jesuashok has asked for the wisdom of the Perl Monks concerning the following question:

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Re: Populating and accessing complicate Hashes
by bobf (Monsignor) on Apr 24, 2006 at 04:37 UTC

    I'm afraid I don't know what you mean when you say:

    • minimise in accesing this hash and creating this hash
    • whethere my code is sufficient or not
    • improve the performance

    For example, you can minimize accessing and creating the hash by removing the code that does those things, but I don't think that's what you mean. Sufficiency is dictated at least in part by whether or not the code meets your requirements (does it?). Re: performance, is there a specific bottleneck in your code that you're trying to refactor (i.e., have you benchmarked it?) or are you looking for general optimizations?

    If you could clarify your OP, we will be able to give you much more specific answers.

    For starters, though, you might want to consider cleaning up the innermost guts of the nested foreach loops by taking advantage of Perl's reference syntax (see perlref, perldsc, and perlreftut).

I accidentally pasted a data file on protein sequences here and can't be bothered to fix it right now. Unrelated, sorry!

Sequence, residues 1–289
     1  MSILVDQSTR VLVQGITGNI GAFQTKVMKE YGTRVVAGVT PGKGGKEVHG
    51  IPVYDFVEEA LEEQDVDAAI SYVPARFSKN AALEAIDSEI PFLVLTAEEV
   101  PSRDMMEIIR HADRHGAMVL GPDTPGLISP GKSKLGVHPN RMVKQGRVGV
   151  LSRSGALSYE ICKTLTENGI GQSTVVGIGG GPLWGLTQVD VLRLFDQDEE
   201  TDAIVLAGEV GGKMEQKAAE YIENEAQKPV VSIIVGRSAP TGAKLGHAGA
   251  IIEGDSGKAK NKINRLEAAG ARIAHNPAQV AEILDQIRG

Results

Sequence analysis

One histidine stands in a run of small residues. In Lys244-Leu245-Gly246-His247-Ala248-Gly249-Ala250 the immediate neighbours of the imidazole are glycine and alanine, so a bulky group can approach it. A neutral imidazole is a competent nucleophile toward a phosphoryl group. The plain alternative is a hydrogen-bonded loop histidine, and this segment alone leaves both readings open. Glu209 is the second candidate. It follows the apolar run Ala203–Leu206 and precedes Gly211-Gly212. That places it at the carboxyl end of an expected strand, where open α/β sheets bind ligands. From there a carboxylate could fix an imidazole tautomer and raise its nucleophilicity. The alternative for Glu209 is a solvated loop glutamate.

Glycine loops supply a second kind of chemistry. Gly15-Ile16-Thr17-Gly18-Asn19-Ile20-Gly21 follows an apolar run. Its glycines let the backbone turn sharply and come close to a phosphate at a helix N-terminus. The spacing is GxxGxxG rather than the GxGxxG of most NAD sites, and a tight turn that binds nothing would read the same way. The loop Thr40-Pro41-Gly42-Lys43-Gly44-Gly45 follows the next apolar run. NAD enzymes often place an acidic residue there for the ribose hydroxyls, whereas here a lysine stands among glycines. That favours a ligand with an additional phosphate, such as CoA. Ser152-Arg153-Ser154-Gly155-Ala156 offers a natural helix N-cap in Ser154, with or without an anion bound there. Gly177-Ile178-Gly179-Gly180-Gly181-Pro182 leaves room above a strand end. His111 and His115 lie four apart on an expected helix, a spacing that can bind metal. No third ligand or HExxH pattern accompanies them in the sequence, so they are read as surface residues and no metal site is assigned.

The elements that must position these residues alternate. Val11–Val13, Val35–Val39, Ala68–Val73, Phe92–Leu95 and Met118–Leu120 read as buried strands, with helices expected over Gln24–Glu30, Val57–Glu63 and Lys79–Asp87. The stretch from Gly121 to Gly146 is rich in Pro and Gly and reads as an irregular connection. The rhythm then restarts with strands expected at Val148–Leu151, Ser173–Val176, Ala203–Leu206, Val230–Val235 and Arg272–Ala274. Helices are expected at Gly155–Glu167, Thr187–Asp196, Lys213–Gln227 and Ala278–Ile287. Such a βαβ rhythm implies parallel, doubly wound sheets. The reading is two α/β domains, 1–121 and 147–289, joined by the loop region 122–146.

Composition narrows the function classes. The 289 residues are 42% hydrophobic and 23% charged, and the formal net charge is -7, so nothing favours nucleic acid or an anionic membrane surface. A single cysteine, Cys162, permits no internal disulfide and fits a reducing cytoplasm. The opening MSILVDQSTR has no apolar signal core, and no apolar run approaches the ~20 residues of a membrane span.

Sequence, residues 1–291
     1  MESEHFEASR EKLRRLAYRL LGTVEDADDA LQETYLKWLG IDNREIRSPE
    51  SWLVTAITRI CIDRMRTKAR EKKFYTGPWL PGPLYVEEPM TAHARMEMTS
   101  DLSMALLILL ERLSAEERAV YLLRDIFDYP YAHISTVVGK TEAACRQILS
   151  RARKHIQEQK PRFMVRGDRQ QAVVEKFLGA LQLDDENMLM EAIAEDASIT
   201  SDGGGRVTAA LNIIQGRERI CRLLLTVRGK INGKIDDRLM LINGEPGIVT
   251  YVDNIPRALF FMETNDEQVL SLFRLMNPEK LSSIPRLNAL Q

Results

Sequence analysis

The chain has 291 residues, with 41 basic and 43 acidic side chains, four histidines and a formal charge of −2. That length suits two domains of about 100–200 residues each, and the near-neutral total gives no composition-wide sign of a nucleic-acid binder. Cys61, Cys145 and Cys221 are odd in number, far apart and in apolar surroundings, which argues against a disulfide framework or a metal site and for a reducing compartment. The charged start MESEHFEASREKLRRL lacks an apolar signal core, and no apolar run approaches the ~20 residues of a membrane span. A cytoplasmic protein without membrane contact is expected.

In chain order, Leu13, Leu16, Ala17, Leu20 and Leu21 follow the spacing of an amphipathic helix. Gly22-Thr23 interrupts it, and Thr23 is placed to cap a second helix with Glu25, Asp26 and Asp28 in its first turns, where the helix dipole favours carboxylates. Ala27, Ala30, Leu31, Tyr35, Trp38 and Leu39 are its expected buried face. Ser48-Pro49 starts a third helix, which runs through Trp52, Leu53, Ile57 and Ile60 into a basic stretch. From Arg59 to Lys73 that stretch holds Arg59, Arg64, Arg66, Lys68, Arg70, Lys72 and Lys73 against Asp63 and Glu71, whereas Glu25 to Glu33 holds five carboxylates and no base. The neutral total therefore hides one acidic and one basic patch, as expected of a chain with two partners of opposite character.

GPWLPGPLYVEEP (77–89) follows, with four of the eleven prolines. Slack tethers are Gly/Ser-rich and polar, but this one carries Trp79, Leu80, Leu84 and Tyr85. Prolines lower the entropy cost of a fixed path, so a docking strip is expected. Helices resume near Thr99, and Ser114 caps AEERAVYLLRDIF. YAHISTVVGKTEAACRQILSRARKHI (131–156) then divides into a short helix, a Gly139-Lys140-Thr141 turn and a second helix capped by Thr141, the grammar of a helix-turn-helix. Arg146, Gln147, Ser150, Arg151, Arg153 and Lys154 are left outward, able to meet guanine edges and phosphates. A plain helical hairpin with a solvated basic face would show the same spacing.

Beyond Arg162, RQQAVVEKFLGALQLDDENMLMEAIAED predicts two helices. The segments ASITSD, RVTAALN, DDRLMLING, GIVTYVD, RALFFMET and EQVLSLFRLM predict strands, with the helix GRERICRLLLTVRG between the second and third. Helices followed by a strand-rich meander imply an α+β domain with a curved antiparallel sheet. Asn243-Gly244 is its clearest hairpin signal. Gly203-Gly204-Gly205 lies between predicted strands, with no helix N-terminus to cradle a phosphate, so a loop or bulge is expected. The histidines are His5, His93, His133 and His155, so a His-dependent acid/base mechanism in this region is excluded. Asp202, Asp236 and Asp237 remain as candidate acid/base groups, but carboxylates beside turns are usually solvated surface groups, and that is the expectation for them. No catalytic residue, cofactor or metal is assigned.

For example, instead of using constructs like ${$main_hash{$val}{$type}{$pegs}{'Section1'}}[0] everywhere, IMO it is cleaner and possibly more efficient to add a temp variable for the innermost reference:

    my $href = $main_hash{$val}{$type}{$pegs}; my $T1val = defined $href->{'Section1'}[0] ? $href->{'Section1'}[0] : +undef;
    This will reduce the code density of the inner loop, leaving less room for typos (use strict! use warnings!) and making the code easier to read/understand/maintain.



    I'm confused. Why do you do this:

    $T1val = defined ${$main_hash{$val}{$type}{$pegs}{'Section1'}}[0] ? ${ +$main_hash{$val}{$type}{$pegs}{'Section1'}}[0] : undef;

    If the value is defined you assign that value to $T1val. If it is undefined you assign undef, but that is no different than what would have happened if you skipped the defined test and ternary operator. In other words, the whole line above is equivalent to this:

    $T1val = ${$main_hash{$val}{$type}{$pegs}{'Section1'}}[0];

Re: Populating and accessing complicate Hashes
by GrandFather (Saint) on Apr 24, 2006 at 04:05 UTC

    The sample data would help. I recommend that you use a __DATA__ section and replace <CDF> with <DATA> for the purposes of this post.

    Note that you really should use strict; use warnings; in all code you write!

    Where does %basic_references come from? Where is %main_hash declared?

    Update: more grumbling

    DWIM is Perl's answer to Gödel
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